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Bay Windows Vs Bow Windows

Bay windows vs bow windows, which are better? There are many reasons to consider upgrading your home to include a new set of projection windows or replacement bay windows. Perhaps you are looking to expand your view or let in extra sunlight. Maybe you are simply looking to increase your room’s living space.

Regardless of your reasoning, projection windows — such as bow windows or bay windows — can be an elegant addition to any home. Not only do they help connect you to nature by blending indoor and outdoor spaces, but they also brighten your home with natural light and boost its overall curb appeal.

When shopping for projection windows or replacement bay windows, there are a number of different styles to consider. So, if you’re just beginning to research your options, you will probably have some questions.

For starters, the two most popular styles of projection windows are bow windows and bay windows. Naturally, the two share a few similarities (such as protruding from the wall to open up space). However, understanding the difference between them will help you make a more informed decision.

So, keep reading to learn the differences between bay windows vs bow windows!

Bay Windows

A bay window is a combination of three or more panels set at angles, so the centerpiece is always the widest. Usually, this centerpiece is a picture window, so it’s stationary and only exists to offer an elegant view.

Bay windows also include casement or double hung windows on their sides. Unlike picture windows, double hung windows include two operating sashes that can slide up and down. This allows bay windows to open, providing ventilation and airflow to the home.

Unlike other projection styles, replacement bay windows can be fully operational. This in mind, they are a great choice for those looking for projection windows that can maximize airflow and ventilation.

Bow Windows

On the other hand, bow windows are wider and more intricate. Usually made up of four to six panels set side by side, they curve to create a rounded appearance from the outside.

Like bay windows, bow windows also protrude from the home to open up living space. However, they are usually wider and more angled, making this protrusion less steep. You should still be able to design an elegant nook and relax by the window. But if you’re looking to maximize space at the window, replacement bow windows are not the best choice.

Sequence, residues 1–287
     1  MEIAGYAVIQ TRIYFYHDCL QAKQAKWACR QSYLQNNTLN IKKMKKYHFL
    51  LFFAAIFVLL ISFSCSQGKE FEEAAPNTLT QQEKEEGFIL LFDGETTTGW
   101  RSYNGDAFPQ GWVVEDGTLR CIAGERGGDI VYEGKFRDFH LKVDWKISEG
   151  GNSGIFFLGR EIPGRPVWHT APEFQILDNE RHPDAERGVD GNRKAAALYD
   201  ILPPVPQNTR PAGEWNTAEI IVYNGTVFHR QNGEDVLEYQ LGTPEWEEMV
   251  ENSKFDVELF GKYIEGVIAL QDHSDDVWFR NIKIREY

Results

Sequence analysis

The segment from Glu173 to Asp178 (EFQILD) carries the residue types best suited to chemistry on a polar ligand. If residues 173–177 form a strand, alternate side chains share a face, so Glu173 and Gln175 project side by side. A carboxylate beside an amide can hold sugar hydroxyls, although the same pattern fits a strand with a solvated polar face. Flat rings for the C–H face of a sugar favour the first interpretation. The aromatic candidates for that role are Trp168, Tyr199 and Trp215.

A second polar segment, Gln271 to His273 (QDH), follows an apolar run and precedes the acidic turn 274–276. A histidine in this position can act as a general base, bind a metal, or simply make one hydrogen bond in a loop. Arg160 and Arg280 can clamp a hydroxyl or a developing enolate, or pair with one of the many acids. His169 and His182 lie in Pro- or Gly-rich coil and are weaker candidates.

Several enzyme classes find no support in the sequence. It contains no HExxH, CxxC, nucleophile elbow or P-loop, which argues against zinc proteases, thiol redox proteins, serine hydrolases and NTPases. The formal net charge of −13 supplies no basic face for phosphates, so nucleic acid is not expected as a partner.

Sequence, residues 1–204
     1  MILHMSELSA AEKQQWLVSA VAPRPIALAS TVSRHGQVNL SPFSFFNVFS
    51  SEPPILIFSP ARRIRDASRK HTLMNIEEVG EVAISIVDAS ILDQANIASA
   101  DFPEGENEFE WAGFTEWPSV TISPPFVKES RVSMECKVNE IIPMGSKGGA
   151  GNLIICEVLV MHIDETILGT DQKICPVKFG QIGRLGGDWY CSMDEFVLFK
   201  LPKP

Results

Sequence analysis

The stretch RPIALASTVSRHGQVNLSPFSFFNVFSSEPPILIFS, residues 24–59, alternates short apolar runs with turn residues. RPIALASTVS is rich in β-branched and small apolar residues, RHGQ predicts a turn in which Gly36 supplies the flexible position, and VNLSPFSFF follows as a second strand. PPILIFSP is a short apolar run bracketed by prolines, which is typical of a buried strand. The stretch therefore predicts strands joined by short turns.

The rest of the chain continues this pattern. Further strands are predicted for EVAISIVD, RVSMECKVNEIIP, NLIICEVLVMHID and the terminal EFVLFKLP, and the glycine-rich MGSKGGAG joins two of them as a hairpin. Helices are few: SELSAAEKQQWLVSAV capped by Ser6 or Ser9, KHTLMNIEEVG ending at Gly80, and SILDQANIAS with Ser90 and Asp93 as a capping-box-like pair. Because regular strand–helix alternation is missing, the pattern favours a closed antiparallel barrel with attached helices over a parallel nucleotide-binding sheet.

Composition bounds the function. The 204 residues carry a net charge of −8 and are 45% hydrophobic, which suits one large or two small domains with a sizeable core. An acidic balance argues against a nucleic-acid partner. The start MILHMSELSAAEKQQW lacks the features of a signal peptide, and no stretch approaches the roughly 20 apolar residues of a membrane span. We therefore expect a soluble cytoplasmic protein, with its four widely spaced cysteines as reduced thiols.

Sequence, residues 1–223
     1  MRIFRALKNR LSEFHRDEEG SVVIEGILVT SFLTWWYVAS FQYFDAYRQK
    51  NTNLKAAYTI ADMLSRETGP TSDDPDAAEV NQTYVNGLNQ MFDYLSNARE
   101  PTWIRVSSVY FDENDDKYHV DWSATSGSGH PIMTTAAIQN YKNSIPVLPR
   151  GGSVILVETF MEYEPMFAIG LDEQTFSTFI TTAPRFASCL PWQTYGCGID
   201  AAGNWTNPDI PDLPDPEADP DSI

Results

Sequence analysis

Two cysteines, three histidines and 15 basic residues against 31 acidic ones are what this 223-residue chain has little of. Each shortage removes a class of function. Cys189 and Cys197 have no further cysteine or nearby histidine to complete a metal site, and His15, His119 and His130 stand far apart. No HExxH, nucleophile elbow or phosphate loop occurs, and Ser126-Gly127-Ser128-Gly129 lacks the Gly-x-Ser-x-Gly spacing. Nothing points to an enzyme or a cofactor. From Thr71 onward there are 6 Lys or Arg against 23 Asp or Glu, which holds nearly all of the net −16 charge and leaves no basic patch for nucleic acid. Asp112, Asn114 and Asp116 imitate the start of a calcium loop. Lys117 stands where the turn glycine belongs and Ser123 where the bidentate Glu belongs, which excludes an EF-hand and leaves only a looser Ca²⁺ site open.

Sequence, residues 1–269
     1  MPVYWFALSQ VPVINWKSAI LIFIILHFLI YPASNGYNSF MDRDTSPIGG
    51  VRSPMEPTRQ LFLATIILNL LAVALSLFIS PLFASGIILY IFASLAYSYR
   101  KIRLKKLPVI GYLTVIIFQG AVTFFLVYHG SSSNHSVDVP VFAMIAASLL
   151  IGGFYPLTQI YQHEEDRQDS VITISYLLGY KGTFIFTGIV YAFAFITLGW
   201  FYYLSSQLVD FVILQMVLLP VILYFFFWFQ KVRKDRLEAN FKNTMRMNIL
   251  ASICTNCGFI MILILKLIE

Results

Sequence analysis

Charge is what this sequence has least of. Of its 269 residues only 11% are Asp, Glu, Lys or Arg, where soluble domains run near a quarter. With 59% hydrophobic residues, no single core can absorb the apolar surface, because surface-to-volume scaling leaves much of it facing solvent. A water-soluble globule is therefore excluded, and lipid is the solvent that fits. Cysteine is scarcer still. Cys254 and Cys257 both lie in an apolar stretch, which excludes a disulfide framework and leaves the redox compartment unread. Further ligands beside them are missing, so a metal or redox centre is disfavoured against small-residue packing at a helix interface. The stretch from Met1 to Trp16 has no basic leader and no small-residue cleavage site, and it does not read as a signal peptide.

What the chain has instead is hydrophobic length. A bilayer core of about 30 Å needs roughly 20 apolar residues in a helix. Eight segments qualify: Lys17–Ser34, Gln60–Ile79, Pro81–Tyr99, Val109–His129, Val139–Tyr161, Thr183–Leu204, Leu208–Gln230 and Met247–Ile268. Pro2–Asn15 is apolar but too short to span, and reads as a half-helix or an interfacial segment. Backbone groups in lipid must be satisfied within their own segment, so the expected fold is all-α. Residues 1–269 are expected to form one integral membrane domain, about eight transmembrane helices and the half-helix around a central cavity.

On the bright side (literally), the wider panels featured in bow windows open up more space for natural light. This leads to a broader view and a deeper connection to nature, but also lessens the possibilities for increased living space within the home.

Finally, unlike bay windows, most bow windows are not operational. This means they cannot be opened or closed to allow fresh air into the home. This in mind, bow windows are not a great choice for those looking to open their windows or increase ventilation.

Conclusion

So, what is the final verdict? Bay windows vs bow windows, which is better? Who is the winner?

Truthfully, the right projection window for any home depends on its homeowners’ priorities. Though replacement bay windows and replacement bow windows share a few similarities (such as protruding from the wall and opening up space within your home), they can also deliver distinctly different perks to your home. 

Bay windows are a great choice for those looking to open their windows and increase airflow in the home. On the other hand, bow windows are a solid choice for those looking to maximize their windows’ expansive view.

It is important to understand these differences before making a decision. To help simplify these features, we’ve included a brief summary below.

Bay Windows:

  • 3 panels
  • Angled curve
  • Can be operational
  • More protruded than Bow Windows

Bow Windows:

  • 4-6 panels
  • Rounded curve
  • Non-operational
  • Wide, expansive view
  • Less protruded than Bay Windows